• Christopher D Harvey

National Institutes of Health (R01 NS108410)

  • Christopher D Harvey

National Institutes of Health (DP1 MH125776)

  • Christopher D Harvey

Louis Perry Jones Postdoctoral Fellowship

  • Charlotte Arlt

Alice and Joseph Brooks Postdoctoral Fellowship

  • Charlotte Arlt

Uehara Foundation Research Fellowship

  • Shinichiro Kira

Leonard and Isabelle Goldenson Postdoctoral Fellowship

  • Shinichiro Kira

NARSAD Young Investigator Grant

  • Shinichiro Kira

The funders had no role in study design, data collection and interpretation, or the decision to submit the work for publication.

Ethics

Animal experimentation: All experimental procedures were approved by the Harvard Medical School Institutional Animal Care and Use Committee (protocol # 00000073-6) and were performed in compliance with the Guide for the Care and Use of Laboratory Animals.

Reviewing Editor

  1. Mathieu Wolff, CNRS, University of Bordeaux, France

Publication history

  1. Received: December 2, 2021
  2. Accepted: June 22, 2022
  3. Accepted Manuscript published: June 23, 2022 (version 1)

Copyright

© 2022, Arlt et al.

This article is distributed under the terms of the Creative Commons Attribution License permitting unrestricted use and redistribution provided that the original author and source are credited.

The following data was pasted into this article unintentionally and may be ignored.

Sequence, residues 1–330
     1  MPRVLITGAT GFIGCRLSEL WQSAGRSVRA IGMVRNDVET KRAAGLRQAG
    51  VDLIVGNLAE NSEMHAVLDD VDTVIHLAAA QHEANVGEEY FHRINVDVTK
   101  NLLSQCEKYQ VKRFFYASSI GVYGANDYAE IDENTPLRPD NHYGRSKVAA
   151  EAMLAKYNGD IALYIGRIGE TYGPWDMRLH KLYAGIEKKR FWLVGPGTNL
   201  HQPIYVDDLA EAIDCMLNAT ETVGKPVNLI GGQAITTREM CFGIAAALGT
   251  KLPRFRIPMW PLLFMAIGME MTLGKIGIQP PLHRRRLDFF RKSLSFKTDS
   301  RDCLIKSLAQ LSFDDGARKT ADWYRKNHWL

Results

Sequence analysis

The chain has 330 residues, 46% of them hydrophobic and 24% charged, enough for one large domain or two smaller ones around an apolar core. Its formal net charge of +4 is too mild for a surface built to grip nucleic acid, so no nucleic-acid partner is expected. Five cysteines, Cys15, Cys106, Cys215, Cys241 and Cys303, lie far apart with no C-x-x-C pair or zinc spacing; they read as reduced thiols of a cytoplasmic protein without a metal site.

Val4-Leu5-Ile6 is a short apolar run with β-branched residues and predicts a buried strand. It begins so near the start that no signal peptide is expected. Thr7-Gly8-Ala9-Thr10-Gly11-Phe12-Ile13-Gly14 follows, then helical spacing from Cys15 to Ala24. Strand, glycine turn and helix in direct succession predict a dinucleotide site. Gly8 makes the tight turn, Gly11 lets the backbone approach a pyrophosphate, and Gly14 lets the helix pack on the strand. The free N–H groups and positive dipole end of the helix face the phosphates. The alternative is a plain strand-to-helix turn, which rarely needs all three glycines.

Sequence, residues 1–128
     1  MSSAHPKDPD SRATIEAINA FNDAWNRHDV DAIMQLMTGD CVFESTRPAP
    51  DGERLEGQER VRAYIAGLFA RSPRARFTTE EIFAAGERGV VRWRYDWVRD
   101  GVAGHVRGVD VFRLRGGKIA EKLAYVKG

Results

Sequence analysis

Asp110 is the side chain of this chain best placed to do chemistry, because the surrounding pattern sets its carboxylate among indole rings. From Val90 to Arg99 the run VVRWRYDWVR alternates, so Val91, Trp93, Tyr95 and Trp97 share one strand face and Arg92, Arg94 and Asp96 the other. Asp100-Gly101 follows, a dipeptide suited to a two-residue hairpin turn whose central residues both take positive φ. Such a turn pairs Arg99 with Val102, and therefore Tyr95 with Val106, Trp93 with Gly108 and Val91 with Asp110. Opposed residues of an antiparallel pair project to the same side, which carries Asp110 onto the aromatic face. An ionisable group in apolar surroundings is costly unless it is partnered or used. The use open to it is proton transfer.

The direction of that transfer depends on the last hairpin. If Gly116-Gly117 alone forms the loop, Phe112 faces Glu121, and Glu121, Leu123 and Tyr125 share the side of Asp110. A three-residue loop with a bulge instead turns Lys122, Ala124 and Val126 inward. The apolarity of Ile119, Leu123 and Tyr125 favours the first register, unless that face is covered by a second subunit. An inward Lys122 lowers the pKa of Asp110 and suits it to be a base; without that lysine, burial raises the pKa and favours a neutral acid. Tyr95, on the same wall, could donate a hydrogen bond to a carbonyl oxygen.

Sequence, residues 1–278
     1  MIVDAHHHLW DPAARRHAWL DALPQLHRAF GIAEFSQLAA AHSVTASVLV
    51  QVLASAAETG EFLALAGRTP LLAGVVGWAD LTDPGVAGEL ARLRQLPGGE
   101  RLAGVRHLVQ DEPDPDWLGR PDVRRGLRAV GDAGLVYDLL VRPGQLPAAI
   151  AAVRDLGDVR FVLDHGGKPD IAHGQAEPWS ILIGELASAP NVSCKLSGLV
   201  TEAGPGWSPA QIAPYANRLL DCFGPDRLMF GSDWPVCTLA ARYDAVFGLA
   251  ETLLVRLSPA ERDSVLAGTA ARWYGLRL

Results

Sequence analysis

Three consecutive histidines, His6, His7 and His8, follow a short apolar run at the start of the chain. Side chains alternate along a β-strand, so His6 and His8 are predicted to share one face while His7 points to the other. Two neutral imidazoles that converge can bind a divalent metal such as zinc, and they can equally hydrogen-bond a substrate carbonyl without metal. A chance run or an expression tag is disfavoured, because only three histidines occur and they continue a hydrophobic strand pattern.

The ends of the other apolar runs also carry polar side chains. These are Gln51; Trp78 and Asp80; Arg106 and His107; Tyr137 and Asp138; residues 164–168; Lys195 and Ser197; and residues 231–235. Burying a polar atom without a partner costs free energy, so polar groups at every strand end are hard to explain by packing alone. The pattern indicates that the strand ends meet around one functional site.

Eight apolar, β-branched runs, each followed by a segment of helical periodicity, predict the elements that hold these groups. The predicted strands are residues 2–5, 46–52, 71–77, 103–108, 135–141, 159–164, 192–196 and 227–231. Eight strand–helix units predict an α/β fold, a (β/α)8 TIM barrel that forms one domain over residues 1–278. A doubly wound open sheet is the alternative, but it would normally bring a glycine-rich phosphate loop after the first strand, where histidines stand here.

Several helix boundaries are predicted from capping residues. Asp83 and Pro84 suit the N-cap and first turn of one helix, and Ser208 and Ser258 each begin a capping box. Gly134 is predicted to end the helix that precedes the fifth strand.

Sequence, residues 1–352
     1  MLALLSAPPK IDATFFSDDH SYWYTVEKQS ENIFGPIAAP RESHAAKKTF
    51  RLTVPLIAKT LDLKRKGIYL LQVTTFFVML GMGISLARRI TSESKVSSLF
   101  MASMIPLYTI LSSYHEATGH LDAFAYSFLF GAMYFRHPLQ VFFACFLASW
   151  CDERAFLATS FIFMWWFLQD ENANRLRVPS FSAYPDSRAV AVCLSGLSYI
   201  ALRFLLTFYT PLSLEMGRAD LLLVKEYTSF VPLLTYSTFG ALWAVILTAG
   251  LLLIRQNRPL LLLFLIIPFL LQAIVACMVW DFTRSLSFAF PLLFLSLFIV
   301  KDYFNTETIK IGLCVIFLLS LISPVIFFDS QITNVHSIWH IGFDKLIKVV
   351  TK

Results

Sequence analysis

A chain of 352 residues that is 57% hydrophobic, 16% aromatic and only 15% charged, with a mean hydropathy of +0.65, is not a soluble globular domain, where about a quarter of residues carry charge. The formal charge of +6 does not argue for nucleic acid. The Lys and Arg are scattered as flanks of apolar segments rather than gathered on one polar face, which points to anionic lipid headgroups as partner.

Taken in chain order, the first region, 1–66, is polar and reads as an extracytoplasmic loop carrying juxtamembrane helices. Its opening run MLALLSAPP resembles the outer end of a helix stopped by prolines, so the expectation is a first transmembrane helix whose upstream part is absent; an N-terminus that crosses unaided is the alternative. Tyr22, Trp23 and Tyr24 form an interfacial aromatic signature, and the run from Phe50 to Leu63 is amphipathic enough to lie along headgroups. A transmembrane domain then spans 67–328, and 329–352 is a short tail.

Metrics

  • 328
    Page views
  • 147
    Downloads
  • 0
    Citations

Article citation count generated by polling the highest count across the following sources: Crossref, PubMed Central, Scopus.

Download links

A two-part list of links to download the article, or parts of the article, in various formats.

Downloads (link to download the article as PDF)

Open citations (links to open the citations from this article in various online reference manager services)

Cite this article (links to download the citations from this article in formats compatible with various reference manager tools)

  1. Charlotte Arlt
  2. Roberto Barroso-Luque
  3. Shinichiro Kira
  4. Carissa A Bruno
  5. Ningjing Xia
  6. Selmaan N Chettih
  7. Sofia Soares
  8. Noah L Pettit
  9. Christopher D Harvey
(2022)
Cognitive experience alters cortical involvement in goal-directed navigation
eLife 11:e76051.
https://doi.org/10.7554/eLife.76051

Further reading

    1. Neuroscience
    2. Stem Cells and Regenerative Medicine
    Xin-Yao Sun et al.
    Research Article Updated

    Brain organoids have been used to recapitulate the processes of brain development and related diseases. However, the lack of vasculatures, which regulate neurogenesis and brain disorders, limits the utility of brain organoids. In this study, we induced vessel and brain organoids, respectively, and then fused two types of organoids together to obtain vascularized brain organoids. The fused brain organoids were engrafted with robust vascular network-like structures and exhibited increased number of neural progenitors, in line with the possibility that vessels regulate neural development. Fusion organoids also contained functional blood–brain barrier-like structures, as well as microglial cells, a specific population of immune cells in the brain. The incorporated microglia responded actively to immune stimuli to the fused brain organoids and showed ability of engulfing synapses. Thus, the fusion organoids established in this study allow modeling interactions between the neuronal and non-neuronal components in vitro, particularly the vasculature and microglia niche.

    1. Neuroscience
    2. Stem Cells and Regenerative Medicine
    Bilal Cakir, In-Hyun Park
    Insight

    Fusing brain organoids with blood vessel organoids leads to the incorporation of non-neural endothelial cells and microglia into the brain organoids.